Its often asked if CO2 canisters are allowed on planes and mostly a lot of conflicting information is given in the answers. I recently found the definitive answer so will share it here.
At the time of writing CO2 canisters (max 4 x 28g/50ml per person) are allowed on planes, both in cabin or hold baggage, but prior approval should be sought from the airline and they should be declared at check-in.
This our checklist we use when flying with a bike for a riding trip.
Some items can be shared by a group traveling together to save weight (e.g. you will only one 8mm allen key between you for pedals, not one each), others need to be bike specific.
This list is additional to the tools and kit we carry in a trail pack. If you are going to use your trail tools make sure they are up to the job for building your bike on arrival and repacking it to head back home.
We’ve created this checklist to help us remember everything that needs to be sorted when flying with a bike to ride. Traveling with a bike is awesome but it can be a pain with out the right prep. Let us know any top tips or handy hints in the comments
In this excellent article from Cycling Tips they get advice from ‘Paul’, an airport baggage handler who also travels with his bike. If you are someone who ever considers putting your bike on a plane its a MUST read.
Now lets be clear, I love how efficiently my hydration pack carries everything I need for a days riding. Up to 3 litres of water, clothing to deal with the days temperature fluctuations or precipitation and a selection of spares to allow me (and riding buddies) to finish rides despite unexpected mechanicals and there is a first aid kit in there too.
I HATE pushing a bike just because I haven’t got the stuff to mend a puncture trailside.
So I’ve been looking at different options for carrying what I need on the bike rather than on me. Just the very basic bits and bobs needed for riding 1 to 2 hour local rides or uplift days at Thredbo for example.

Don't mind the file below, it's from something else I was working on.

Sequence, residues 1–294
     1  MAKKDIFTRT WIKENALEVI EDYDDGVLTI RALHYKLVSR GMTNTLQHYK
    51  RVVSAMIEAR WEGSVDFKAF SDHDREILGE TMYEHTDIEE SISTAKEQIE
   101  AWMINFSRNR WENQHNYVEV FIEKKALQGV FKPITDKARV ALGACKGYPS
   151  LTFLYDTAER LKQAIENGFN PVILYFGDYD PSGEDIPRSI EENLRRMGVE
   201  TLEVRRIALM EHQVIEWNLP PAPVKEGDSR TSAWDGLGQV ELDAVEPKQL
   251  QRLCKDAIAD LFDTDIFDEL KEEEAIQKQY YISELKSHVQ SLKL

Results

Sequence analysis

Strava is probably the best known cycling app out there. Many will tell you “if its not on Strava it didnt happen”!
But there is another side to Strava that we find incredibly useful for #seekingnewtrails and planning rides. In this first post of our new Apptastic series looking at the software we use regularly I’ll explain how we use it.
On this website we have decided to use a similar grading system to that used in the UK by Forest Enterprise. Its slightly different to the IMBA grades used in Australia where they have only one grade (Blue) covering both the moderate (Blue) and difficult (Red) that we prefer. We feel it gives a better indication for people relatively new to the sport.
As with all grading systems its VERY subjective and is only an indication. Ride within your limits and ride what you can see. (This is good advice but we would be lying if we said we always follow it!!)
While very very rare snakebite is a real possibility out on Australia’s trails whether on bike or on foot. The continents venomous snakes are internationally renowed and as a potentially very serious injury its worth knowing both how to prevent and how to deal with a bite.